Do Your Research
Before you begin, thoroughly research the person, company and role:
Make note of any interesting career pivots they’ve made, articles they’ve published, projects they’ve worked on, or their personal website / online portfolio. This will allow you to personalize your message in a way that makes the reader feel appreciated and admired.
In addition to the company website, browse investor presentations, press releases, news articles, earnings call transcripts, customer surveys, CEO interviews, and more. This will help you speak intelligently about the company’s goals and challenges and clarify how you add value.
If you have basic questions about “what a day in the life of a [Product Manager / Investment Banker] is” or “what skills are required to become a successful [Product Manager / Investment Banker]”, you are not ready to be cold emailing people. Just as your reader expects you to have done some research on them and their company, they also expect you to be familiar with the role — especially if you hope to get hired eventually.
There are plenty of free online resources that can help bolster your knowledge. Save any role-related questions to what can only be answered by the other person (nothing generic that can be found on Google!)
Write a Credible, Relevant Subject Line
Even the best cold emails won’t get replies if they’re never opened.
Good subject lines establish credibility and relevance to the reader. Instead of saying “Hello!”, “Quick Question” or “Reaching Out,” try mentioning brand-name companies you’ve worked at, schools you’ve attended, angles you have in common with the reader (e.g. alma mater), or relevant accomplishments to the job you’re applying for:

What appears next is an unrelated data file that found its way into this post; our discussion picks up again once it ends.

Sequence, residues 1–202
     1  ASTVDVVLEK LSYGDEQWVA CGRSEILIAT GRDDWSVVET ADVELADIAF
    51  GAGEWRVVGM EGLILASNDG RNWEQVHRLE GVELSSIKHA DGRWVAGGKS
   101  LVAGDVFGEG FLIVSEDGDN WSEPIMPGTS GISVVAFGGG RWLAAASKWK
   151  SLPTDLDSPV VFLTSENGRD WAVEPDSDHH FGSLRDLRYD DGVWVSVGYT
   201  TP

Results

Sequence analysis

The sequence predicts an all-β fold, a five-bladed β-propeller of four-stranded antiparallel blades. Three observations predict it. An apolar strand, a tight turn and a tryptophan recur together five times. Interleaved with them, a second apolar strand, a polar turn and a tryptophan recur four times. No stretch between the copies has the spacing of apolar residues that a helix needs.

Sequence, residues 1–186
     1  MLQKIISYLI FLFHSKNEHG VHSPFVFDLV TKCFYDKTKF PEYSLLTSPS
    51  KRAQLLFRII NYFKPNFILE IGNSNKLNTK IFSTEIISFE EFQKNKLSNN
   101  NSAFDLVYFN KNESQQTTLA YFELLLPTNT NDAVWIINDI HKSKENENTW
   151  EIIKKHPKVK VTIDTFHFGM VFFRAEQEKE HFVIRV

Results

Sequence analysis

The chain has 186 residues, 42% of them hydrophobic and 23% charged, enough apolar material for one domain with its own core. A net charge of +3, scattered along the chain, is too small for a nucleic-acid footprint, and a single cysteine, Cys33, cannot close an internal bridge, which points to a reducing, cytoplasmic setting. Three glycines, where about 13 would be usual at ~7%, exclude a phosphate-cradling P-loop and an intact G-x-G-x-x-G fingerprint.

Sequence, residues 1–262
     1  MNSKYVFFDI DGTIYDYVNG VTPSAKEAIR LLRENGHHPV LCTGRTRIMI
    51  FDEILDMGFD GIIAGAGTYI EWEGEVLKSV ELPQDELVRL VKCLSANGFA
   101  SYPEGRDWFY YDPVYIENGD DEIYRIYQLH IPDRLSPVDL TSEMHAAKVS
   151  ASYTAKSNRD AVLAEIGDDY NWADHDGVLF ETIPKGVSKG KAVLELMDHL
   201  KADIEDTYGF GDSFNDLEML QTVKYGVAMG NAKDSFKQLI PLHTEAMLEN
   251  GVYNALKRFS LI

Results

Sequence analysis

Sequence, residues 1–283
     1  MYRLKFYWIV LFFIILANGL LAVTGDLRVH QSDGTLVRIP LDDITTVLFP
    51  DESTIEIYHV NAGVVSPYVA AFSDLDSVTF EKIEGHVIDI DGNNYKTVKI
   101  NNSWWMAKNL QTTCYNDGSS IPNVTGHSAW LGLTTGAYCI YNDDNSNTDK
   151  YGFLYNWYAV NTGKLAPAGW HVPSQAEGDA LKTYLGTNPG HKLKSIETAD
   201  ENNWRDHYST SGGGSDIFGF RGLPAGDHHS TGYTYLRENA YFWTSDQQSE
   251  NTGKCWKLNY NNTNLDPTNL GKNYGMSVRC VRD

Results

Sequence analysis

“Ex-Facebook SWE Intern interested in Google’s APM Program”
“Fellow MIT Alum interested in Data Science at Airbnb“
“FinTech Hackathon Winner interested in Software Engineering at Robinhood“
“Credit Suisse Summer Analyst interested in IBD at Morgan Stanley”
Craft a Personalized Message
1. Provide context (but keep it brief).
Tell them who you are, how you got their contact information, why you are interested in them, and anything you share in common.
2. Elevate and connect with the reader.
In the greeting, you should have already addressed the reader by their first name. In this paragraph, reference some of their notable work you admire from your research. This shows that you take a genuine interest in them and their background / accomplishments, rather than focusing only on what they can do for you.
3. Make a small and specific ask.
Instead of asking to “pick your brain,” “set up some time to chat” or “learn more about your background”, start small and make a specific ask:
“I’d like your advice on how to prepare for the Uber APM interview process”
“I’m curious why you decided to switch from IB to PM, rather than going to the buy-side”
“I’m interested in hearing why you decided to go to business school and any tips you have for the application essay”